KT88 This massive output tube was used in mega-powered classics like the 200-watt Marshall Major, where four big bottles generated about twice the wattage as the same number of EL34s in a 100-watt Super Lead. Appearing like a larger KT66 in a fat, Coke bottle-shaped glass envelope, the KT88 is capable of operating on extremely high voltages and producing a lot of wattage as a result, with a big, bold, firm sound to go with all that power.

That being said, several modern amp designers have discovered they can also coax a lot of sweetness out of this tube by pushing it a little more gently and putting the right preamp in front of it. Divided by 13’s RSA 23 uses a pair of them, as do the Fryette Sig-X, the Bogner Shiva 20th Anniversary, and defunct RedPlate Astroverb and Carol-Ann Tucana.

Whether you’re selecting an appropriate tube amp or dialing in an amp model, understanding the basic characteristics of these output tubes can help you nail down your desired tone, and set the foundation for creative and expressive playing. You can certainly work against type when necessary—making just about any kind of music with any kind of amplifier—but working with these tubes’ strengths almost always makes the journey easier, and the results more authentic.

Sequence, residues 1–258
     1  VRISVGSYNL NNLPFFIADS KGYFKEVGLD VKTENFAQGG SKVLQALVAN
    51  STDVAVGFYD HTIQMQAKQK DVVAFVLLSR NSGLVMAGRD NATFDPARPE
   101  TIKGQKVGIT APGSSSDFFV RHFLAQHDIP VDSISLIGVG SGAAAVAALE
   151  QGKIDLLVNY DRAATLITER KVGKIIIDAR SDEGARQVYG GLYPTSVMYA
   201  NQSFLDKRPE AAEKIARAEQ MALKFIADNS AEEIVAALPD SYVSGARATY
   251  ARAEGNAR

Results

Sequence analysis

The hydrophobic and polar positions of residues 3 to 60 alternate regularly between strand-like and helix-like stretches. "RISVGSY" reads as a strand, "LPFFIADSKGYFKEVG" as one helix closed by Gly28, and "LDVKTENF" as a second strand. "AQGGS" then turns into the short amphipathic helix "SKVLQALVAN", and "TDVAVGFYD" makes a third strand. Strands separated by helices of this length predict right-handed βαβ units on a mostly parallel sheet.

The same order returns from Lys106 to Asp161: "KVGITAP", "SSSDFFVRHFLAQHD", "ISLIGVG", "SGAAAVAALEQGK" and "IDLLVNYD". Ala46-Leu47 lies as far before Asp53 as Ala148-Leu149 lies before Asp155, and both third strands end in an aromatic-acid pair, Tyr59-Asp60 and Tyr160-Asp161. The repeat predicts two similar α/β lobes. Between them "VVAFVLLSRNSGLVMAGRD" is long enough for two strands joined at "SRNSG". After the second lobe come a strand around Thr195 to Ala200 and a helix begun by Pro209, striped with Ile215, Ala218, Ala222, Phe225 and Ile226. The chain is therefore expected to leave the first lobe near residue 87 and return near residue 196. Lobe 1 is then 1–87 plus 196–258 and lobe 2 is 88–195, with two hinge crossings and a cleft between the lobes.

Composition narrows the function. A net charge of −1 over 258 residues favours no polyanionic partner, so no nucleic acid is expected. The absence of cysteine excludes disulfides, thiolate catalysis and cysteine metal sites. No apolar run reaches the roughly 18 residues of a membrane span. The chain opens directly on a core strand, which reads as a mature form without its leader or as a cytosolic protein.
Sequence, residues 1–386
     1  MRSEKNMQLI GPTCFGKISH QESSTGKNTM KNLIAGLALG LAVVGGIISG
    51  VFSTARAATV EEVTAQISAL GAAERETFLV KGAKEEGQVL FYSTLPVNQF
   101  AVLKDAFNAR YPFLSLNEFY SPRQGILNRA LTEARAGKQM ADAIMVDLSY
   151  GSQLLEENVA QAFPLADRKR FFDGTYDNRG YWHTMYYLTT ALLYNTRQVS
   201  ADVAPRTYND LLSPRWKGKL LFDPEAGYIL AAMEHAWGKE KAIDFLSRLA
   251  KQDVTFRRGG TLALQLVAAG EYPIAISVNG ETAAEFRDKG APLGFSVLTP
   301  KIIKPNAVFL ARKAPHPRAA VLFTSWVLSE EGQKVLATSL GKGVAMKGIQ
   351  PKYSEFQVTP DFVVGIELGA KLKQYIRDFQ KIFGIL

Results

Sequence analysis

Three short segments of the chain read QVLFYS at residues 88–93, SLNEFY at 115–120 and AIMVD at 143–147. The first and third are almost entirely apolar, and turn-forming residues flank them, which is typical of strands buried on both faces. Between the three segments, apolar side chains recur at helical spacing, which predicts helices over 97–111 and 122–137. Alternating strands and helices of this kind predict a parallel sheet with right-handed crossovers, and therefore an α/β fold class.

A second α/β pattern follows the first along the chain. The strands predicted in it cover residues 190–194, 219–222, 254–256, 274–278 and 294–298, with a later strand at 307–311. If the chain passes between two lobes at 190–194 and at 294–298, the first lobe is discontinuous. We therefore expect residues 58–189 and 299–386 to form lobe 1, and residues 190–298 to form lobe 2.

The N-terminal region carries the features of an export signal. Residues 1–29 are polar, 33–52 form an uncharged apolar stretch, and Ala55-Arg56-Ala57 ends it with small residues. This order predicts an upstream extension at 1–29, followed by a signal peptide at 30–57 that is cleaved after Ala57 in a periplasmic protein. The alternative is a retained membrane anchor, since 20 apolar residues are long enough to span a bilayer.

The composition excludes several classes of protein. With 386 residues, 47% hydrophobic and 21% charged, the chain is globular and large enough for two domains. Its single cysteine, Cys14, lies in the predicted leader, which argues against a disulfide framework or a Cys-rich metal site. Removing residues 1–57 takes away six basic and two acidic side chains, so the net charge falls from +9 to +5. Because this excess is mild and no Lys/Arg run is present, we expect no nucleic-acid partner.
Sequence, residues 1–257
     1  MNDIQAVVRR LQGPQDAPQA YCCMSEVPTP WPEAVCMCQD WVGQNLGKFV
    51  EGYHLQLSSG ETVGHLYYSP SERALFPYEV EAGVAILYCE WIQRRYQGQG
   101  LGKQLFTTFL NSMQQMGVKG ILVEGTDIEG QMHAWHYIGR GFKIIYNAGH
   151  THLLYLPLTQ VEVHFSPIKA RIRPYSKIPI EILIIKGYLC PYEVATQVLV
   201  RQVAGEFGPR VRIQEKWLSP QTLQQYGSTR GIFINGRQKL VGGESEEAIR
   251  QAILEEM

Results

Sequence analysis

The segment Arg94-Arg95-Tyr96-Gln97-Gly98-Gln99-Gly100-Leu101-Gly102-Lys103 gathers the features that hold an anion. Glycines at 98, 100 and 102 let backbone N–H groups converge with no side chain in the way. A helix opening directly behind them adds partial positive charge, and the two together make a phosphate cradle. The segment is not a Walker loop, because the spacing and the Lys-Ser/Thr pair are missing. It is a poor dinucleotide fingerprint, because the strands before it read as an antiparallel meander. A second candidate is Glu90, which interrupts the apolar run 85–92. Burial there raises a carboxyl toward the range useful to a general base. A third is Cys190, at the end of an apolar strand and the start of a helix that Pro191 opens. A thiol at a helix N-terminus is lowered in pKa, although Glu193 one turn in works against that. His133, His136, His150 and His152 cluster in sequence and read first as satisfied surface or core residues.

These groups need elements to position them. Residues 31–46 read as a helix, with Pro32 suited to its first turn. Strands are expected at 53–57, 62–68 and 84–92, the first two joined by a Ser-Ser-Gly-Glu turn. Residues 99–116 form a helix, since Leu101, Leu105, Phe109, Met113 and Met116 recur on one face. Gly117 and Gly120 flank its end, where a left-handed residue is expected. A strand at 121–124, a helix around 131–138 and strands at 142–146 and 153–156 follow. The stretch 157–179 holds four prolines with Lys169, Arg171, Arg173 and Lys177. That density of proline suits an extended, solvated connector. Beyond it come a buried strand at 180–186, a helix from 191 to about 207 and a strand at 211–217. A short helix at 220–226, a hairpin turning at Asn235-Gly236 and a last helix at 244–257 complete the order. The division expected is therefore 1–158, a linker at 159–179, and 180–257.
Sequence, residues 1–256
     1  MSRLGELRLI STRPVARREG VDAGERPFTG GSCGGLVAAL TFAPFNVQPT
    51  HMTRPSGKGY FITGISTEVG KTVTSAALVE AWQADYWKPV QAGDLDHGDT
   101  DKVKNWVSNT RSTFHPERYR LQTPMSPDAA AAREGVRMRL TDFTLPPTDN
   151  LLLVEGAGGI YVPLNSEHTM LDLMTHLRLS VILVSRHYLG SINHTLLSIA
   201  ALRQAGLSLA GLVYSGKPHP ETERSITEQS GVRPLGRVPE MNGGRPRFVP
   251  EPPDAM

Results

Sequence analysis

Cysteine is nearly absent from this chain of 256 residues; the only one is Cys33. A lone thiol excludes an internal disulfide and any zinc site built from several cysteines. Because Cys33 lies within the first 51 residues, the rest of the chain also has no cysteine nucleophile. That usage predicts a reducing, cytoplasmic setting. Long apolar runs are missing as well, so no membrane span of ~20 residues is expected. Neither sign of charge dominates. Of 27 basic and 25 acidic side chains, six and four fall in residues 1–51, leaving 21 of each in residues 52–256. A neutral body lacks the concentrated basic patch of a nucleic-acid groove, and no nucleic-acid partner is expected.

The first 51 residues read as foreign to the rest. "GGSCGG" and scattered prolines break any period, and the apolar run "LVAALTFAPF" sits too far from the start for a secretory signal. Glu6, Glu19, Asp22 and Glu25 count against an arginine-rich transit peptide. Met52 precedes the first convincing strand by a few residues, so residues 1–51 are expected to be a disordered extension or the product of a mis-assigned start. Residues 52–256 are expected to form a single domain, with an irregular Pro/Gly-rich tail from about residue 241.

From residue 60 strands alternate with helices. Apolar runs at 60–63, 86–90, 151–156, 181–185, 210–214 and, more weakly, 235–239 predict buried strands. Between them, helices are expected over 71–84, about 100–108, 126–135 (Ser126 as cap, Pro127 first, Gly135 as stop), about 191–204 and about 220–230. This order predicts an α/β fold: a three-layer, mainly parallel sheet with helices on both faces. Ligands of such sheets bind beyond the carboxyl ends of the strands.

Dave Hunter is the author of The Guitar Amp Handbook, British Amp Invasion, The Gibson Les Paul, Fender 75 Years, and several other books, and is a regular contributor to Guitar Player, Vintage Guitar, and The Guitar Magazine (UK).

Individual tube photos courtesy of New Sensor Corp/Electro-Harmonix.


3 Responses to “ Dave Hunter: Output Tube Types – Setting the Foundation of Your Tone ”

  1. altaredsoul Says:

    This is a great reference! Thank you Dave Hunter for putting this together…


  2. kaomao Says:

    Don’t let Glenn Fricker read this article, he would be upset…


  3. Racket57 Says:

    I had a Sound City head and cab over 40 years ago. I loved it, way better than a Marshall. But being a keyboard player I part-ex’ed it for a keyboard (don’t ask me what).

    However, from the late 80’s I started playing a bit of rhythm guitar in every band I’ve been in and have done ever since. I wish I’d never sold the Sound City! Eventually I settled on the HD500, but I keep looking out for a old Sound city….


Leave a Reply

You must be logged in to post a comment.


Sign up to get news about Line 6 Products.

By submitting your details you are giving Yamaha Guitar Group informed consent to send you a video series on the Line 6 HX Stomp. We will only send you relevant information. We will never sell your information to any third parties. You can, of course, unsubscribe at any time. View our full privacy policy